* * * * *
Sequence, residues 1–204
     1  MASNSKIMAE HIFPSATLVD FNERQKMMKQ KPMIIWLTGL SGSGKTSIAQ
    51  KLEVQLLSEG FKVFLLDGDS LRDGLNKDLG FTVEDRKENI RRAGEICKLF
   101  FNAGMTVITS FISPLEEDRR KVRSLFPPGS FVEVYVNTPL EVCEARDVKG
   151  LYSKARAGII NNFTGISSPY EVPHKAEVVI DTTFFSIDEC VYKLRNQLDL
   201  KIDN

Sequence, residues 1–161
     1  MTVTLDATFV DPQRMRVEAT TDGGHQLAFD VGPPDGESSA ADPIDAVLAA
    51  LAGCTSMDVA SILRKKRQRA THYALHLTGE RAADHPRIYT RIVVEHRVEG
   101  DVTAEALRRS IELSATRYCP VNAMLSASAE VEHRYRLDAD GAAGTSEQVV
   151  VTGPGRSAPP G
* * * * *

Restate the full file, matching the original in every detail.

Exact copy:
Sequence, residues 1–204
     1  MASNSKIMAE HIFPSATLVD FNERQKMMKQ KPMIIWLTGL SGSGKTSIAQ
    51  KLEVQLLSEG FKVFLLDGDS LRDGLNKDLG FTVEDRKENI RRAGEICKLF
   101  FNAGMTVITS FISPLEEDRR KVRSLFPPGS FVEVYVNTPL EVCEARDVKG
   151  LYSKARAGII NNFTGISSPY EVPHKAEVVI DTTFFSIDEC VYKLRNQLDL
   201  KIDN

Sequence, residues 1–161
     1  MTVTLDATFV DPQRMRVEAT TDGGHQLAFD VGPPDGESSA ADPIDAVLAA
    51  LAGCTSMDVA SILRKKRQRA THYALHLTGE RAADHPRIYT RIVVEHRVEG
   101  DVTAEALRRS IELSATRYCP VNAMLSASAE VEHRYRLDAD GAAGTSEQVV
   151  VTGPGRSAPP G